Skip to comments.Stern arrives, satellite audience rising
Posted on 01/09/2006 3:05:27 AM PST by Momaw Nadon
The biggest gamble in the short life of satellite radio hits the table at 6 a.m. today, as Howard Stern starts what he calls his creative rebirth at Sirius.
The most prominent morning host on commercial radio for 20 years, Stern joined Sirius because he says the FCC's vague content guidelines made it impossible for him to do his "real show" any more.
Because satellite listeners pay a monthly subscription fee, like cable TV watchers, the FCC does not regulate content - though Stern's arrival has amplified calls for such regulation to be authorized.
Stern's switch to Sirius, with his colorful promise of no-holds-barred radio, has triggered a tidal wave of publicity and raised at least two longer-term questions.
First, how much attention will he receive three, six or 12 months from now? While satellite's reach makes his show available everywhere, his initial Sirius audience will be only l5%-20% of what it has been on terrestrial radio.
Second, will he give satellite radio in general the promotional push for which Sirius and rival XM are hoping? Both Sirius and XM have bled billions of dollars in startup costs and routinely run multimillion-dollar quarterly operating deficits.
Sirius says it has committed half a billion dollars to Stern's show, and just last week announced he was getting a bonus of more than $200 million in Sirius stock.
Sirius clearly is counting on a windfall payback down the line, in subscription and advertising revenue.
Right at the moment, both XM and Sirius say subscriptions are running strong.
XM says it just passed six million and projects nine million by yearend.
Sirius says it ended 2005 with 3.3 million, many of the new ones Stern-driven, and projects six million by yearend.
That puts satellite listenership ahead of many past projections, which envisioned 20 million radios in service by 2010.
Some Wall Street analysts still see Sirius stock as a gamble, while XM seems to be generally regarded as a solid player.
If you are watching this from an investment angle, The key will be how long they are subscribing and if they renew subscriptions. in the same numbers or more.
You mean Howard's getting classier?
My wife bought Sirius pre-Howard and not because of Howard 2 Christmases ago. Overall, it's the best Christmas gift I've received since Strat-O-Matic baseball when I was nine.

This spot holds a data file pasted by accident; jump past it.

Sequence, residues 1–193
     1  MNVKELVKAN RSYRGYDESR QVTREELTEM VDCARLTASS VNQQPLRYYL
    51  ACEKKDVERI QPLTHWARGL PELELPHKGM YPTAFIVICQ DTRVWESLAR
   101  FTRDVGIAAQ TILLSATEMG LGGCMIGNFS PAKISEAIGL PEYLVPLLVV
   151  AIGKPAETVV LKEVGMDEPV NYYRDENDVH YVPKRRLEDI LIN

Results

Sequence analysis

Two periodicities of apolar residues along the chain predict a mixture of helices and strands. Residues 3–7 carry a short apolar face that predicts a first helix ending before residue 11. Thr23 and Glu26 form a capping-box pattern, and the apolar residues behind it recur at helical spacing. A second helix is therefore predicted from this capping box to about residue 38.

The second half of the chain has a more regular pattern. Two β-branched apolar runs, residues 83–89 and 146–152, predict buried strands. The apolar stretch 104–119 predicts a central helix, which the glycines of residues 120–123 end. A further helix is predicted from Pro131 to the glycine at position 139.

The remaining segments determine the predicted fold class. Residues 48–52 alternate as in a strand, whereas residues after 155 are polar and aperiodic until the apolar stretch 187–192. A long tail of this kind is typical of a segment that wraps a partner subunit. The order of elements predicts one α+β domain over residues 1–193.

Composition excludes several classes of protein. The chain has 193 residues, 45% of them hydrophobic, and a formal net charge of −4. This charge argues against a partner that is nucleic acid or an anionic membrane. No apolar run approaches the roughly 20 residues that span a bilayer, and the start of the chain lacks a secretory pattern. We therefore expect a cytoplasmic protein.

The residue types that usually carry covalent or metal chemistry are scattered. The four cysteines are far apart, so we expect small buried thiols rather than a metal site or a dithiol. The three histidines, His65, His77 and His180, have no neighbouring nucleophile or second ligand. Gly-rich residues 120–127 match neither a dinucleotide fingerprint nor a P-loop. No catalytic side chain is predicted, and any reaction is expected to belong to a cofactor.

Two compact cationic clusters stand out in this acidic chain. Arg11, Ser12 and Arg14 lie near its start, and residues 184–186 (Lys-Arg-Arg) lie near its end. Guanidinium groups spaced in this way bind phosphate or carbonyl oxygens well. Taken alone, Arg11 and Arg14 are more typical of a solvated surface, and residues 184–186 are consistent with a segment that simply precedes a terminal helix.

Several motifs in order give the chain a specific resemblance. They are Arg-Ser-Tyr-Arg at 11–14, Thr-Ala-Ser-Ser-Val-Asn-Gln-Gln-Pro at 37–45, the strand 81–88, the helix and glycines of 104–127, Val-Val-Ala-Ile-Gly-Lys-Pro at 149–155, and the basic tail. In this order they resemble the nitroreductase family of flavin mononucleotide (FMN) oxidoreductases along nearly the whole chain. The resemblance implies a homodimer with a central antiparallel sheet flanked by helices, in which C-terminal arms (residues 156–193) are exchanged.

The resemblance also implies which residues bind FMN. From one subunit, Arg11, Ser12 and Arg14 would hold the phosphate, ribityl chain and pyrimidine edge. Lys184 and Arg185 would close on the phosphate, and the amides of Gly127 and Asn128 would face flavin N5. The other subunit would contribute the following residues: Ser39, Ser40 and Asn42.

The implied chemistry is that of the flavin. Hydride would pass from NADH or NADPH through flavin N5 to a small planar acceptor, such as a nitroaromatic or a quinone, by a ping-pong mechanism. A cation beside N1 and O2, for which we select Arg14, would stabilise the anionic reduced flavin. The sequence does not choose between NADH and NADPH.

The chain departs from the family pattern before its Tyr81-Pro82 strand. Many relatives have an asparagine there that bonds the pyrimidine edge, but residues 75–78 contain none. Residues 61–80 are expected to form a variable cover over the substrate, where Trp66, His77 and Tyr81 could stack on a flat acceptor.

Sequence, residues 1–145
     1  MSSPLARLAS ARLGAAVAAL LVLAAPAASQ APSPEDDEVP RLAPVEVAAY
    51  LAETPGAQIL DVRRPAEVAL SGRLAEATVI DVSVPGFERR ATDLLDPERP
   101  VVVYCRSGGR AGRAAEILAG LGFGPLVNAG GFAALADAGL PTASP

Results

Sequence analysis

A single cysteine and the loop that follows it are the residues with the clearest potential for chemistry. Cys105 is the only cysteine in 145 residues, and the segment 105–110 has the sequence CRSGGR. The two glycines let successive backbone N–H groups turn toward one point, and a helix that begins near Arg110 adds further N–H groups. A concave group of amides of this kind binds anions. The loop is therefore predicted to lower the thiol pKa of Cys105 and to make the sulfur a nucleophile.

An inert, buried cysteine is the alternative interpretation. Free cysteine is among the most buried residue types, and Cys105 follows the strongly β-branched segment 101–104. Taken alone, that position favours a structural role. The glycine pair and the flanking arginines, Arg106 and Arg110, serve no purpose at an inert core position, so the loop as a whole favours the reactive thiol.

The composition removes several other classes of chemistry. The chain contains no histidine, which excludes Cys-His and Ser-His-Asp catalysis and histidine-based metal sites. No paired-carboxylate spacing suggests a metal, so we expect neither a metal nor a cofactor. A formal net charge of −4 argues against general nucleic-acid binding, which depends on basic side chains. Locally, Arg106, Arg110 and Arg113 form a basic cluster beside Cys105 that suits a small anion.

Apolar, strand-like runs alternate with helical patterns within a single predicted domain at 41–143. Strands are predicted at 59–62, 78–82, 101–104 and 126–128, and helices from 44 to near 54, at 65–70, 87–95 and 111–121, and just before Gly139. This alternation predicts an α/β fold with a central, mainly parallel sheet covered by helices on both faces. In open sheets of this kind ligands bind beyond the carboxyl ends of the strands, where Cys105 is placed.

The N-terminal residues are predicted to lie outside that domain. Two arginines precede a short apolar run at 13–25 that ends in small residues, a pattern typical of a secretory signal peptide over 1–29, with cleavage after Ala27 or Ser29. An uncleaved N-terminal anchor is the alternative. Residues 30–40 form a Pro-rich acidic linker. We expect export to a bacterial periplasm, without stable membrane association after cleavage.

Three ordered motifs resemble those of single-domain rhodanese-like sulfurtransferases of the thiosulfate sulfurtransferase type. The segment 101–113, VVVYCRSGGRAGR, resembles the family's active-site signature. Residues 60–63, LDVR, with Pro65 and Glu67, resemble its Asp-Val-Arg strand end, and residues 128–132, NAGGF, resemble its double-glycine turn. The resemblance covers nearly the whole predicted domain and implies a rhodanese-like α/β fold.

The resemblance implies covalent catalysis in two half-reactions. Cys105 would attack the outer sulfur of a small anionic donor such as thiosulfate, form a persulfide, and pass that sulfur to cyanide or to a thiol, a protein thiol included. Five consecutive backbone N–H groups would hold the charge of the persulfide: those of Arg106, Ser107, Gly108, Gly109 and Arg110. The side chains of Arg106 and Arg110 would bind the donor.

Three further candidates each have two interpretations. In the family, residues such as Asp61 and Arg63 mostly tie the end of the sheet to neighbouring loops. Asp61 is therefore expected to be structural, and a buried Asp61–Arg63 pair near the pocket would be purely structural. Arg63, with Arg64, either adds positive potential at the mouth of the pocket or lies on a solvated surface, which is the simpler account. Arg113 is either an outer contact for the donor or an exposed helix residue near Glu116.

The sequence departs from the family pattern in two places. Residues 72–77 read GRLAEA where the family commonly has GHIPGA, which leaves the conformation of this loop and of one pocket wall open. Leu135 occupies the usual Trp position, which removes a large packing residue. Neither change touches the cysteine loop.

Losing Fox news has dimmed my liking of it, but it's a great deal if you have to drive a lot.
XM with Fox News and Fox Talk is supposed to be pretty good, and I might switch to it...or get it and keep Sirius.
I got a Sirius radio for Christmas. Works great!
< Stern would be a turn off for me and I would have switched to the other network if I were pre Stern subscriber. >
It's what I would do also. I just can't support the guy.
What cansomeone do on a satellite radio, that you can't do on broadcast radio other than swear a lot and talk about sex?
You can talk without the oppressive censorship of the FCC.
Ban the FCC, not Howard Stern.
Whew! Who knew Pat O'Brien was such a perv!
I just turned his show on my Sirius, and it doesn't seem any different than his old show, just more curse words.
Mr. Sulu is gay???
The ironic thing is that I think a big reason for Howard's success was the FCC. Now with no adult supervision Howard's entire show will be just one big four letter word. My prediction is that he will lose audience because porn is no good without the pictures.
I bought Sirius for my husband 2 years ago before we took a cross country trip. He loves it and now keeps the Margaritaville channel on at all times. I will be forced to buy XM for me because I liked to listen to FOX news whenever I drove his vehicle. I hope FOX and Sirius get their problems worked out.
"Thus Spake Zarathustra rendered in flatulence."
ah....the Le Petomane factor.....
Sirius or XM? Not a hard choice anymore. If I go satellite, it will be XM.
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